-I'm not sure about this; let's remember the Muslim Brotherhood is known as the Engineering Brotherhood in Egypt - Islamism seems to be relatively more attractive to people in the West or with with feet in the global economy and knowledge sectors than it does to people still in the world of the village. So what are the relative disadvantages calling forth their response (you don't believe terrorism is the tool of the poor do you?), and just how much of a material disadvantage vis a vis Western powers should make us feel safe? Their project is to undermine and destroy modernity from within, to return the world to the kind of simplified place that can be ruled by Sharia and Caliphate. Destruction is much easier than production and requires far fewer resources. In any case, there seem to be many people unsatisfied with their modern lives willing to fund things like the Gaza flotillas that promise ultimately to be destructive of those same modern lives.

In short, if we are to defeat the more nihilistic forms of contemporary Islam, and if we are to avoid alienating all Muslim potential allies, can we really avoid the fight between Islamists and Islamophobes, instead of engaging it to represent it in ways that help push our fight along? The problem with Spencer, Geller, et. al, is that they are weak when it comes to articulating the faith that makes liberal society compelling. We should try to work on that without denying the necessity of at least some of their resentments.

On “The cost of Islamophobia

Well, the scholar in question said he is trying to publish his article in a newspaper, so we'll maybe get a chance to see it in full. He told me that he began the class by telling the students they could discuss the material from any angle and say what they like, including personal confessional expression. This teacher is an open Christian (I wouldn't deny that he perhaps harbors a private desire to convert) and when he asked for personal responses to the texts, a certain need to express one's commitments may have been in the air. I don't know of course. I told him that I thought that if students were expressing the belief that apostates should be killed - but why would anyone want to leave Islam, one student reportedly said - he should have pointed out that this was a belief that could not be expressed in a classroom without ruining the openness the teacher wished to uphold. Our conversation turned in this direction, to the question of what a university can permit and I didn't get further clarification of the dynamic in that classroom.

But yes, it's just one anecdote which leaves me too quite curious about what went on. But it wouldn't be hard to dig up comments from various informed students of the Islamic world that the dominant trend in Islam now is the rise of Islamist textual "literalism" (not that I think any text can ever just speak for itself).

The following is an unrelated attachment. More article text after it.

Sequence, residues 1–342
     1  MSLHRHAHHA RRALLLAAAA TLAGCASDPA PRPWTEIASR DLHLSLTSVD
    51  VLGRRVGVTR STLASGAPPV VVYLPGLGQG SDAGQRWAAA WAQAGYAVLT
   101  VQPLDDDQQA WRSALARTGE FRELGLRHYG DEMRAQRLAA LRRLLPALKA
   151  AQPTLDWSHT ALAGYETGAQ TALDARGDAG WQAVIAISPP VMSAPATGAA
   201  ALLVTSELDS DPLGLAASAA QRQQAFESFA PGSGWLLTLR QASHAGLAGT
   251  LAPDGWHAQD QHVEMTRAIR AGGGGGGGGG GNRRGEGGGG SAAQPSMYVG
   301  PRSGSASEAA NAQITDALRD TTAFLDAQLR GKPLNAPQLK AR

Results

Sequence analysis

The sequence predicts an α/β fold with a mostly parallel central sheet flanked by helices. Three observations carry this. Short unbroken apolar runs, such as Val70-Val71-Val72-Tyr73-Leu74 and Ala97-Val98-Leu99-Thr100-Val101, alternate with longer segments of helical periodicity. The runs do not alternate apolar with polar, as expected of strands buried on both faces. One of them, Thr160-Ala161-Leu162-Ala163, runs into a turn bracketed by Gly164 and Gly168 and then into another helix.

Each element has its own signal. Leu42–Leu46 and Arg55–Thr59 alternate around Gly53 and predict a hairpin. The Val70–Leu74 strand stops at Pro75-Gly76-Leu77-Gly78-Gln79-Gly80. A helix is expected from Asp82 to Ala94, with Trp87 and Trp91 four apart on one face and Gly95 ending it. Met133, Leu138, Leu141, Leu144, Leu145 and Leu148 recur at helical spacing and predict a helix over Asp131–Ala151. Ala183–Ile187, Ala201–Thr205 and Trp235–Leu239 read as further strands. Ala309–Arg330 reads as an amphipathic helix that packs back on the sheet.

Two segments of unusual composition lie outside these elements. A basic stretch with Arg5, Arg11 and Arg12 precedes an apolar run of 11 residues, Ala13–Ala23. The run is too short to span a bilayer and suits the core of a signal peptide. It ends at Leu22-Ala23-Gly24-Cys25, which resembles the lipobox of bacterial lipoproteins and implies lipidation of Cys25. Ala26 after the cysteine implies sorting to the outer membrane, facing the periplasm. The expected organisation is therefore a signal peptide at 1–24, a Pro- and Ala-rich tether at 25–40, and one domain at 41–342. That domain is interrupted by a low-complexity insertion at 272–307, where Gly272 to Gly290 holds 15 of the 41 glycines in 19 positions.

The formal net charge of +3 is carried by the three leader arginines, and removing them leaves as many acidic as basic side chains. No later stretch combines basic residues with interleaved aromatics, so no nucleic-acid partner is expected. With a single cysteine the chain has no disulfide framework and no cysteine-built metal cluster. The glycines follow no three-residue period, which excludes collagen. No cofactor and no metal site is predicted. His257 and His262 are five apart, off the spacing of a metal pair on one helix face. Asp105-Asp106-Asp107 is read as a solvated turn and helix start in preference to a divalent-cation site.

I also think another important trend is a movement of Muslims in the West away from any serious interest in religion and a desire for a secular lifestyle. But by its very nature, this is a largely hidden movement that makes very little claim on the future of Islam and Muslims. And it's difficult for me to see many signs of significant new movements for a liberal Islam, constituting a full religious discipline, that are rooted specifically in the movement of Muslims to the West. This exists to some extent among Ismailis but I'm not sure how far it goes.

"

Isn't it rather pointless to be arguing over whether an organization that lacks the means has a completely genocidal intent? And yet shouldn't we judge ultimate desires - howevermuch they are at the moment grandstanding - in Nasrallah's most famous statement:

"if [Jews] all gather in Israel, it will save us the trouble of going after them worldwide." (as Wikipedia has it)

While I agree for various reasons with the general argument of the post that it is foolish and dangerous to think we are in a war against all Muslims, i think the "Islamophobes" do have a point that i would like to see CK address: notwithstanding all the sects and interpretations of Islam that evolved in the agrarian age, all the relatively peaceful local practises mediated by saints, shrines, and the pragmatic needs of Islamic societies, the interaction of Islam and modernity, espcially since the collapse of the cold war imperial order, is one, as many have noted, that is increasingly mediated by a radical Islamism.

I recently had a conversation with a scholar of Islamic texts who showed me a draft of an article in which he claims that in one of his recent classes at a major Canadian university - in which the students, many of whom are Muslims, read (usually for the first time) passages from the various sacred Muslim texts pertaining to punishments for repeatedly disorderly wives, thieves, apostates, adulterers (while noting discrepancies between Koran and Sunna, and being careful about the meaning of Arabic words) - all the Muslim students, to a man and woman, came out in favour of cutting hands off thieves, stoning adulterers, beating wives, and killing apostates (when the circumstances justified - because that's what the texts say). And they were not just saying this in the public of the classroom but also in the written work read only by the instructor. The Muslim students were about half the class and half of these were from sects we generally consider the most accomodating of modernity - Ismailis, Ahmadiyya.

Anyway, just a little anecdote to make of what you will. But so far I think it is fair to say that while it is easy to make the point that the Islamophobes have the same literal reading as the Islamists, this simple-minded return to the texts is the pre-dominant Islamic response to modernity.